An Excellent Book for those in church administration
Book: The Change Masters: Innovation & Entrepreneurship in the American Corporation
Author: Rosabeth Moss Kanter
Schuster and Schuster, New York, pp. 431
Excerpt from Jacket:
In executive suites throughout America, The Change Masters hasbecome one of the most talked-about books in years. Dr. Rosabeth Moss Kanter, a professor at Yale University's School of Management and a leading advisor to many Fortunes 500 companies, has written a practical book which is likely to have a major impact on the conduct of American business and management in the coming decades. [We might add, it can also have an immense impact on how to the day-to-day operations of a parish]
The key to an American corporate renaissance, says Kanter, lies in innovation, entrepreneurship and the development of "participative management" skills that encourage the use of new ideas arising from within the corporation itself. Kanter demonstrates how corporations that are "integrationist" (successful at stimulating the innovative capacity of their people) rather than "segmentalist" (so rigidly structured as to stifle innovation) are able to stay ahead of changing technologies and markets.
Excerpt from book:
I have found that the entrepreneurial spirit producing innovation is associated with a particular way of approaching problems that I call "integrative": the willingness to move beyond received wisdom, to combine ideas from unconnected sources, to embrace change as an opportunity to test limits. To see problems integratively is to see them as wholes, related to larger wholes, and thus challenging established practices — rather than walling off a piece of experience and preventing it from being touched or affected by any new experiences.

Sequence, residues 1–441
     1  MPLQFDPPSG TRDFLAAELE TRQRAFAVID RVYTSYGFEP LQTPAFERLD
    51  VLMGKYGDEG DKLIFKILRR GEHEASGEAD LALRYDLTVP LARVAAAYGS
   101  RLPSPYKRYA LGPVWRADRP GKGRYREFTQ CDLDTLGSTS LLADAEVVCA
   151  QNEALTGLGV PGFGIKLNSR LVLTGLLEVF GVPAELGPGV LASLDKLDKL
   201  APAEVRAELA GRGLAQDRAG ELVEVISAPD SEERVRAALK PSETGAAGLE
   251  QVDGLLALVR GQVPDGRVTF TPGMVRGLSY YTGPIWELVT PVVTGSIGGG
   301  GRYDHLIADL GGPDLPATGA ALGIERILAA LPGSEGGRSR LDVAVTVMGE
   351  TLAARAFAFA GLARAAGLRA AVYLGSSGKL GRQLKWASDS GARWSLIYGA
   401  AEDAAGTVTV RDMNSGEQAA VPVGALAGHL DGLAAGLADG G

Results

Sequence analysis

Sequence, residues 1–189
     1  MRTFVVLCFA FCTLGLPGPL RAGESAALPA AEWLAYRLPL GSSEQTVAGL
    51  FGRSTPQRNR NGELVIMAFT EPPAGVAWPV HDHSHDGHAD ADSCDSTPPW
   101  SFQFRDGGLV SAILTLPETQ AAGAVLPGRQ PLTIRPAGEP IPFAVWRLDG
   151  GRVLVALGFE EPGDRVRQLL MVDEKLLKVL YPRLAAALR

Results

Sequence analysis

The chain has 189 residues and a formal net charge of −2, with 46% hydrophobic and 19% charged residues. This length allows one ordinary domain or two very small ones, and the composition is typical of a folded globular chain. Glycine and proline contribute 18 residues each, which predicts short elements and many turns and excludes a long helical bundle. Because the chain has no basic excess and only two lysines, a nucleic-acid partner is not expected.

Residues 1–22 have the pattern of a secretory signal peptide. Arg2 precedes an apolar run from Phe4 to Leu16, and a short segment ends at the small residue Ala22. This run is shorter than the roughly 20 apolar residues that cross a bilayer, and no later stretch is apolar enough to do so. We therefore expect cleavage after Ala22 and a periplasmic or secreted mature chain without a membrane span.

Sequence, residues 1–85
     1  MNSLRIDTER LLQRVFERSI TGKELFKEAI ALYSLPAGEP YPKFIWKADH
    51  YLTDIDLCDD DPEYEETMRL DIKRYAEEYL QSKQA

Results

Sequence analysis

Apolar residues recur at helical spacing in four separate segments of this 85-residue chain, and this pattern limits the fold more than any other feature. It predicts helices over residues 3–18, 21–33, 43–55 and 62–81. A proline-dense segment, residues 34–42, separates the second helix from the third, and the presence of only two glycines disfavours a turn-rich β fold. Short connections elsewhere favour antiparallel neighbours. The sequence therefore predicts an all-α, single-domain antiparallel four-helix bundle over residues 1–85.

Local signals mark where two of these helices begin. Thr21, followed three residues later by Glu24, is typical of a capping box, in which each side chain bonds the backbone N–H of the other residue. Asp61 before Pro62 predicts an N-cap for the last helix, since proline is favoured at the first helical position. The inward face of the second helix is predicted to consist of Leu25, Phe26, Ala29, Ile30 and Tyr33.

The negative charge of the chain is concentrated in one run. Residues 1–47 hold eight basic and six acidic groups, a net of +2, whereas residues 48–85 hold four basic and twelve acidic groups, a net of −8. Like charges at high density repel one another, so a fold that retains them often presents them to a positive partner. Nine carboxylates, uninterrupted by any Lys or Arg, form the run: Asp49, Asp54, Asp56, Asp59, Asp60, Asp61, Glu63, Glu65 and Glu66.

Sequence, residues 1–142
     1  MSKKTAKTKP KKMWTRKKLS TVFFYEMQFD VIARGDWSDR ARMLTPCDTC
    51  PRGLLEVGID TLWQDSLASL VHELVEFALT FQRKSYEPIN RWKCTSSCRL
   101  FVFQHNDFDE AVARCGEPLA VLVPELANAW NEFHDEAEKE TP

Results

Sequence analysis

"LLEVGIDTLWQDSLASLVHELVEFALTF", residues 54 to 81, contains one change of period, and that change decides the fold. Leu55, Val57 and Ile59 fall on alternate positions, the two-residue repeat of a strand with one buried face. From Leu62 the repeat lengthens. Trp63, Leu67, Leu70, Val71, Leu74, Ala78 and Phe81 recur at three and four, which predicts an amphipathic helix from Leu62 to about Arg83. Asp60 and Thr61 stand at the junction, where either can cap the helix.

Entrepreneurs — and entrepreneurial organizations — always operate at the edge of their competence, focusing more of their resources and attention on what they do not yet know than controlling what they already know. They measure themselves not by standards of the past (how far they have come) but by visions of the future (how far they have yet to go). And they do not allow the past to serve as a restraint on the future; the mere fact that something has not worked in the past does not mean that it cannot be made to work in the future. And the mere fact that something has worked in the past does not mean that it should remain.
Table of Contents:
The Need for an American Corporate Renaissance
2. Transformations in the American Corporate Environment
Why We're in Trouble: The Quiet Suffocation of the Entrepreneurial Spirit in Segmentalist Companies
3. Innovating Against the Grain: Ten Rules for Stifling Innovation
4. The Withering of the Grass Roots: The Fate of Employee Innovations in an Indifferent Environment
Places Where Innovation Flourish — and Why
5. Cultures of Pride, Climates of Success: Incentives for Enterprise in High-Innovation Companies
7. Energizing the Grass Roots: Employee Involvement in Innovation and Change
Managing in the Innovating Organization: Skills for Change Masters
8. Power Skills in Use: Corporate Entrepreneurs in Action
9. Dilemmas of Participation
10. The Architecture of Culture and Strategy Change
Can America Do It?
Realizing a Corporate Renaissance
11. Trying to Turn Around an American Archetype: The General Motors Story
12. Reawakening the Spirit of Enterprise: Toward an American Corporate Renaissance
Appendix: The Core Companies and Research Methods